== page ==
Search & Read
Seeker: Thanks again, James. I’ll definitely read that and think about it. It’s one thing to have heard the teachings and assimilated them to some degree; it’s another to live within this dream and know what is the appropriate, right and dutiful action in a given circumstance from a karma yoga point of view.
I guess the classical Vedantins are steeped in the whole of Vedas, obviously including the Dharma Shastras, so there is a moral guide. We in the materialist West seem to be all at sea on these questions – but at least the ahimsa ethic provides a good imperative.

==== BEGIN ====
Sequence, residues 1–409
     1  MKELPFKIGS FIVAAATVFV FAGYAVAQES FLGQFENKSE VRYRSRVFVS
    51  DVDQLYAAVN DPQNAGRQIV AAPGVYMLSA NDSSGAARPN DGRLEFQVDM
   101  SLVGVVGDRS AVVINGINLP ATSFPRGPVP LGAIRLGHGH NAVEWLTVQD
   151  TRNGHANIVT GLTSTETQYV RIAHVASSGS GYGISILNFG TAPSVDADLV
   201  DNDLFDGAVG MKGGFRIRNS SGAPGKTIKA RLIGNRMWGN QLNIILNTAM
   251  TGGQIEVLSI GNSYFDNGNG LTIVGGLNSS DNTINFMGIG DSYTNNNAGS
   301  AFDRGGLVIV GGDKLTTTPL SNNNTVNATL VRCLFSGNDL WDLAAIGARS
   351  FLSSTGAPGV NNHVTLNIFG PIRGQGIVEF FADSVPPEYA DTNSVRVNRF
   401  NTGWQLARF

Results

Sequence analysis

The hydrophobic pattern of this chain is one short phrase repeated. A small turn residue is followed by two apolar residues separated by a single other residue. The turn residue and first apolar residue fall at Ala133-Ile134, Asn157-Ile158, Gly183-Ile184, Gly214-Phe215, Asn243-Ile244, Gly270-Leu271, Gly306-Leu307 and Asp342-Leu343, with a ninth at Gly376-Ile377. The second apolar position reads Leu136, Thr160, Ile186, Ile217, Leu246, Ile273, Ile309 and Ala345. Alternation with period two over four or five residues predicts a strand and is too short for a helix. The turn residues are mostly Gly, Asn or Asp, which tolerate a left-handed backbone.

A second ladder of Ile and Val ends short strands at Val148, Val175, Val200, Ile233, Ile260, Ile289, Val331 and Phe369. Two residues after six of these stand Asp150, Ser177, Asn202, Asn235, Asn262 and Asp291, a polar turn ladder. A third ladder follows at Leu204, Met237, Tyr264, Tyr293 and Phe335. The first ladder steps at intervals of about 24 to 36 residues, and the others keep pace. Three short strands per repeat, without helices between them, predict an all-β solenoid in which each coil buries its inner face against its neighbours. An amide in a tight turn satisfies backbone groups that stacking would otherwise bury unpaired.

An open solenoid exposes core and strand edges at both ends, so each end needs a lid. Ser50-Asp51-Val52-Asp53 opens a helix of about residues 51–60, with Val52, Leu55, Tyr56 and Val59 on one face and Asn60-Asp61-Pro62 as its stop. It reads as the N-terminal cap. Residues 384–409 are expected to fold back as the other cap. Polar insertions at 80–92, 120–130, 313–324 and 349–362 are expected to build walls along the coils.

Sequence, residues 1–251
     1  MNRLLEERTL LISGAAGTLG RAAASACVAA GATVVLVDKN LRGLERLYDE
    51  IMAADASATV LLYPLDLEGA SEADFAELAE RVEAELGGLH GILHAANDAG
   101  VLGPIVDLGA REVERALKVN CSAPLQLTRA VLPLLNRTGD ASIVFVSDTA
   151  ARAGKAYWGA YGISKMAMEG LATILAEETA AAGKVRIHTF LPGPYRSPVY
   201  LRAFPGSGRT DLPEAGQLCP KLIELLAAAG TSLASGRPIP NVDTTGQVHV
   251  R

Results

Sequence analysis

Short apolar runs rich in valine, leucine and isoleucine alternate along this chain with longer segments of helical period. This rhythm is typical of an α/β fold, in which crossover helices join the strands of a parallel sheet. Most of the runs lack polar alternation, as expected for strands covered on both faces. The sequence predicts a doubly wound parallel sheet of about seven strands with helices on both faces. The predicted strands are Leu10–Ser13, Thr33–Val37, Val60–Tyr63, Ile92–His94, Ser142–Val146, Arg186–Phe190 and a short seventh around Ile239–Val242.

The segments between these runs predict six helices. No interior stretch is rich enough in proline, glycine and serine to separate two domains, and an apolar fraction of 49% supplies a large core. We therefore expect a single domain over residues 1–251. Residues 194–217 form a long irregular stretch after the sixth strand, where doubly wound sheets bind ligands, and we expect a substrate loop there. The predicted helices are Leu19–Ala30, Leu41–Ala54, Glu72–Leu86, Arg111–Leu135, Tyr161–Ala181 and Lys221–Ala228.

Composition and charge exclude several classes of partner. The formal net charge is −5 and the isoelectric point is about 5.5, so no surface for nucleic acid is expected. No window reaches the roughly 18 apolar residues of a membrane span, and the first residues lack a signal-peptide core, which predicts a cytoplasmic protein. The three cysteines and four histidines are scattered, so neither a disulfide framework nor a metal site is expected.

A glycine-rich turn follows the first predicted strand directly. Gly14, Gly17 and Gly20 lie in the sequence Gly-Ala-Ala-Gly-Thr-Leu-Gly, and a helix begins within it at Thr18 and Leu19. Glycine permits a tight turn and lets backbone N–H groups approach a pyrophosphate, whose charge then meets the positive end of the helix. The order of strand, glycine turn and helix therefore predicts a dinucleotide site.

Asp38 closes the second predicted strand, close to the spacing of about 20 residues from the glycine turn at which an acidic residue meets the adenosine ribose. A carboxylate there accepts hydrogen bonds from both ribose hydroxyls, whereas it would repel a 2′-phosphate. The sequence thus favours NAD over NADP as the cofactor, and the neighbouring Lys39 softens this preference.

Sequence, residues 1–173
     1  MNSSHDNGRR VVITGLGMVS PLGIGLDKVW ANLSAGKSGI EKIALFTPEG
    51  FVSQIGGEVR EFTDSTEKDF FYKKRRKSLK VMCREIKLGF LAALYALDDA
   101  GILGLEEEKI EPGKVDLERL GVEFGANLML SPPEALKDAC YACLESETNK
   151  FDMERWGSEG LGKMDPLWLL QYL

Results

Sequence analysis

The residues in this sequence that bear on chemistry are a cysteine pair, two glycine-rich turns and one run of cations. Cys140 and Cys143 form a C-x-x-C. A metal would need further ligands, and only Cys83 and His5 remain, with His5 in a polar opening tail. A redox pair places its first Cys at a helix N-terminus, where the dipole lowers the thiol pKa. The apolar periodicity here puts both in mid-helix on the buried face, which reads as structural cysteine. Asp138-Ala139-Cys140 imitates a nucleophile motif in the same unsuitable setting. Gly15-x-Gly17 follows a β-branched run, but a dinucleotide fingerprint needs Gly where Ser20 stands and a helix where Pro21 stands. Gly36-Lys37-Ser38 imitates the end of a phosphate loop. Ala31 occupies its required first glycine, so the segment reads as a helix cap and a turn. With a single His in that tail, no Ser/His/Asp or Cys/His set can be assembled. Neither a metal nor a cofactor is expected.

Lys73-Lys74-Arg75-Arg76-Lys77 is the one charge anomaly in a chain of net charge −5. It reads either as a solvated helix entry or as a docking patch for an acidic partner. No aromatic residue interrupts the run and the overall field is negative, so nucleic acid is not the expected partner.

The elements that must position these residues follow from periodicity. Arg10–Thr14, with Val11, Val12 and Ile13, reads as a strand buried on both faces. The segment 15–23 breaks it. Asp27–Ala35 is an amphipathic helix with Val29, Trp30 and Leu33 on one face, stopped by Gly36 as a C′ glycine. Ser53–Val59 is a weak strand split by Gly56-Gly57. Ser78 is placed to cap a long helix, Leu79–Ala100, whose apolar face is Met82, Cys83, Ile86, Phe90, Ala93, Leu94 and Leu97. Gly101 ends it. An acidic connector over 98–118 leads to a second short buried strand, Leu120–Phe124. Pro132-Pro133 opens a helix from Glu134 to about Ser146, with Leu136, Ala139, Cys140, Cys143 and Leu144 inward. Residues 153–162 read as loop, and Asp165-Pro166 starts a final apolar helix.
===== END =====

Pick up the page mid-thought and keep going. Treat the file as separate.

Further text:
James: Yes, the non-injury value pretty much covers the whole visesadharma question. We are not so much concerned with actions that relate to others, because we assume that inquirers are well-mannered people. From a self-knowledge perspective, we are concerned with the dharmic implications of certain types of thoughts – do they injure the mind?
Non-injury is defined as “non-injury in thought, word and deed.” If you control the thought by analysis, the words and the actions don’t come. Jealously, for instance, injures the mind whether it is expressed outwardly or not – does the food I ingest injure me or bless me? – etc. Karma yoga first applies to one’s thinking. If the thought is positive and generous, the actions that flow from it will be helpful, at least non-injurious. Once it is clear that the thought is sattvic, the action is permitted and the result left to Isvara.
~ Love, James